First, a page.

A Brief Look at Modular Blockchains

The concept of modular blockchains is becoming the new narrative for network scalability and blockchain infrastructure.

The next evolution of the blockchain allows for designing principle separation of concerns to scale throughput. This can be done while ensuring the network is trustless and decentralized. Modular blockchains can break the connection between computation and verification costs.

Earlier this month, Volt Capital conducted an in-depth analysis of modular blockchains. Their deep dive is beyond the scope of this article so we will cover the basics.

Evolution of Blockchains

The researchers noted that the core components of a Layer 1 blockchain can be broken up. Furthermore, the result is a vast improvement in individual layers. A more scalable, composable, and decentralized system is the final goal.

Blockchains have the scalability trilemma. This means that a compromise on decentralization, security, or scalability can provide strong properties for the other two. It is very hard to achieve all three without compromising one of them.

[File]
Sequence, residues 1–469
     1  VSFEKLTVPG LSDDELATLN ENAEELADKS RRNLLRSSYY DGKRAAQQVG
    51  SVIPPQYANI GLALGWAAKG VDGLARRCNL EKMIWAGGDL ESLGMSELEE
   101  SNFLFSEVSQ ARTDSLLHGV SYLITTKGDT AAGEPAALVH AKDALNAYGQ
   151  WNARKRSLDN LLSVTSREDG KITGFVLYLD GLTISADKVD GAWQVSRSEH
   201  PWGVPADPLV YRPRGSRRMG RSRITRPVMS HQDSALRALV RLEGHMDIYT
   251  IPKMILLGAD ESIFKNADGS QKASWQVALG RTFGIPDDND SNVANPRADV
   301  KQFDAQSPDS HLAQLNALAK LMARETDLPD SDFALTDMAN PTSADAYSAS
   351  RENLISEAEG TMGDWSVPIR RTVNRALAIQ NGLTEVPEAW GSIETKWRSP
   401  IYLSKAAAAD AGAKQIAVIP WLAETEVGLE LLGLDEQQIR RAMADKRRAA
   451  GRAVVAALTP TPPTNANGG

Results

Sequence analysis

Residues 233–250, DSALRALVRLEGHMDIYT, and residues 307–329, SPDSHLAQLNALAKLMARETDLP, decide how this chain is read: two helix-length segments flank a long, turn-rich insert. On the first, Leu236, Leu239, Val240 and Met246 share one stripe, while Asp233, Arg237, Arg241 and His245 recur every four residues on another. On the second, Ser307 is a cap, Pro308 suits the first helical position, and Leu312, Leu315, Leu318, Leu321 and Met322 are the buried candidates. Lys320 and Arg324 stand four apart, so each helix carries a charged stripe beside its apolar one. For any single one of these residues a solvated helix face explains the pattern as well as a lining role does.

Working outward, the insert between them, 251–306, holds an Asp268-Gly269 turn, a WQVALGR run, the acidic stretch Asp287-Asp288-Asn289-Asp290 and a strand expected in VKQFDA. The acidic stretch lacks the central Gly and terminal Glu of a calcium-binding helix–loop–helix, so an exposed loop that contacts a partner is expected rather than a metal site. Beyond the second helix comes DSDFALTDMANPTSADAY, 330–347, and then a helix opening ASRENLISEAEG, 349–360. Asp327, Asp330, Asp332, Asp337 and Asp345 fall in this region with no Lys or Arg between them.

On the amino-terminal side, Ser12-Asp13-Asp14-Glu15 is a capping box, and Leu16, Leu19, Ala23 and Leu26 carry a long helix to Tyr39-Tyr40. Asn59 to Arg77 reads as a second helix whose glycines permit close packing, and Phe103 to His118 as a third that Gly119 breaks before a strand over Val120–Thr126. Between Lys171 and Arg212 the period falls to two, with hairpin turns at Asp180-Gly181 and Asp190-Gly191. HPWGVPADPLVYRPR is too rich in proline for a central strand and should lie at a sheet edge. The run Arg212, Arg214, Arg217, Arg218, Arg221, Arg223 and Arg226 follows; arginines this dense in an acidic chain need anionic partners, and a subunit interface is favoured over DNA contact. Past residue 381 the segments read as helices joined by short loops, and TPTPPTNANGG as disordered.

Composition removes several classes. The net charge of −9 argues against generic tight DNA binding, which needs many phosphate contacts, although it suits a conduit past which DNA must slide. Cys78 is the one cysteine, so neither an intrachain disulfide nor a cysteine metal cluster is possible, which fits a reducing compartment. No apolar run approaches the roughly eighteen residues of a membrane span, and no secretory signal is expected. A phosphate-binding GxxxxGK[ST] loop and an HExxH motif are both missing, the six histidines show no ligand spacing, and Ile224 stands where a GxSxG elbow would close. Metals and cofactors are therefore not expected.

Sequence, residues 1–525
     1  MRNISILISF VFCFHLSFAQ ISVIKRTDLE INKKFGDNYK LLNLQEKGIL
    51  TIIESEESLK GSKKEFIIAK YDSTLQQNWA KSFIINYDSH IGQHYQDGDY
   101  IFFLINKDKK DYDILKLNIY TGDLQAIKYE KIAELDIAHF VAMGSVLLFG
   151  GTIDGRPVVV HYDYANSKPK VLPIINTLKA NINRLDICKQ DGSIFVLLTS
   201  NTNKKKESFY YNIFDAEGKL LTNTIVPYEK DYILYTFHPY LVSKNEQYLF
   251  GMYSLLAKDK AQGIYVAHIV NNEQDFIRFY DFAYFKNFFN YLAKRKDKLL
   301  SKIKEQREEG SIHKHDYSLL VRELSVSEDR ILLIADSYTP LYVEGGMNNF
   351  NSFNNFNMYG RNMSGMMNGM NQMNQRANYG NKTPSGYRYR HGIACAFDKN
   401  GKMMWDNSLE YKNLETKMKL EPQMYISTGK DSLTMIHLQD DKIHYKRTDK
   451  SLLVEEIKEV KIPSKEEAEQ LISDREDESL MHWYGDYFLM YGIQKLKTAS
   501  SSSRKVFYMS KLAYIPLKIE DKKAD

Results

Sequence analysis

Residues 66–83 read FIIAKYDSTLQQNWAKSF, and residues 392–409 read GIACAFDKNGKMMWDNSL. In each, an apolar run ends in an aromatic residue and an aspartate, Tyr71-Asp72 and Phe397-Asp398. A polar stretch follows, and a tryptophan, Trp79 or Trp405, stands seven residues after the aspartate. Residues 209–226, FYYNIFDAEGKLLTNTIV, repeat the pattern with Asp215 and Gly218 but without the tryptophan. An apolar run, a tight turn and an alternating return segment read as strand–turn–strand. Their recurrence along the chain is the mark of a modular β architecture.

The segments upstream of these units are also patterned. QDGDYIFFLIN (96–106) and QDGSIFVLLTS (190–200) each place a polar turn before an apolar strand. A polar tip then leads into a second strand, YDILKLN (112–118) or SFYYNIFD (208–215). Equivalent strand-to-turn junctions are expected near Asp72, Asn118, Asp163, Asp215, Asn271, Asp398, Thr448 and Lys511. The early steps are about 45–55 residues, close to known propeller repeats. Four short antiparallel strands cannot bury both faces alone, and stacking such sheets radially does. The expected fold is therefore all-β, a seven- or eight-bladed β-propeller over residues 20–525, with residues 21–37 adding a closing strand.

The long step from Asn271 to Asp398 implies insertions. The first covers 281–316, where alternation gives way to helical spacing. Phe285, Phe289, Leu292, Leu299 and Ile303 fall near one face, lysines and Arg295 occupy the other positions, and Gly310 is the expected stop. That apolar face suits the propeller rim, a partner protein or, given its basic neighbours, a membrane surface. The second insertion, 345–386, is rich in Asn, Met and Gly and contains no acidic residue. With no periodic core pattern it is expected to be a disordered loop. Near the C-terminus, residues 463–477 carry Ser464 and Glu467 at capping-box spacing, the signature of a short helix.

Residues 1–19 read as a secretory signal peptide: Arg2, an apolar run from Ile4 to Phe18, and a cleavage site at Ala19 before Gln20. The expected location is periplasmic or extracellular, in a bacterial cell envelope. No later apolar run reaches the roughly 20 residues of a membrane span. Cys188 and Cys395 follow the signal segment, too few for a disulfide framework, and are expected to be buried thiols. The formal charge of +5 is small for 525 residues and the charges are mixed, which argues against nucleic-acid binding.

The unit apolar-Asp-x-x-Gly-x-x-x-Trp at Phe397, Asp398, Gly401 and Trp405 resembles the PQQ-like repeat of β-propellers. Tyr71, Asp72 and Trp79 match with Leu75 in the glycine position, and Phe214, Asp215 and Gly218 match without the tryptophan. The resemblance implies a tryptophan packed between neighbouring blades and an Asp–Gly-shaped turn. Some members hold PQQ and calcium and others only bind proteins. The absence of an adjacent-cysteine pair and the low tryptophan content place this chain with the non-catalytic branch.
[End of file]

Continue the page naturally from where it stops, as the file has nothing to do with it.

Fault proofs can be used to solve decentralized block validation. Splitting blockchain nodes into full nodes and light clients is one option. These light clients can then rely on fault proofs generated by full nodes for transaction validation.

Additionally, the light clients need to assume transactions are valid without having to download the entire block. This is achieved with Optimistic rollups. It can also be achieved through a mathematical primitive called erasure coding.

Erasure coding can perform data availability sampling, allowing light clients to verify the data without downloading the block.

Validity proofs and zero-knowledge rollups can also achieve decentralized block validation. This is carried out by stripping away some of the transaction data for state transitions.

However, there has been some pushback due to security concerns. Additional trust concerns are also raised with a fragmented settlement and data availability layer, the researchers noted.

Application Chains

Blockchains are evolving in a similar way to web infrastructure. Data has moved from centralized server storage to distributed cloud storage. “The decentralized web is evolving from monolithic blockchains and siloed consensus layers to modular, application-specific chains with shared consensus layers,” the researchers stated.

Avalanche and Polygon are two networks already using application-specific chains or app-chains. They are called subnets and supernets and were reviewed by Altcoin Buzz earlier this week.

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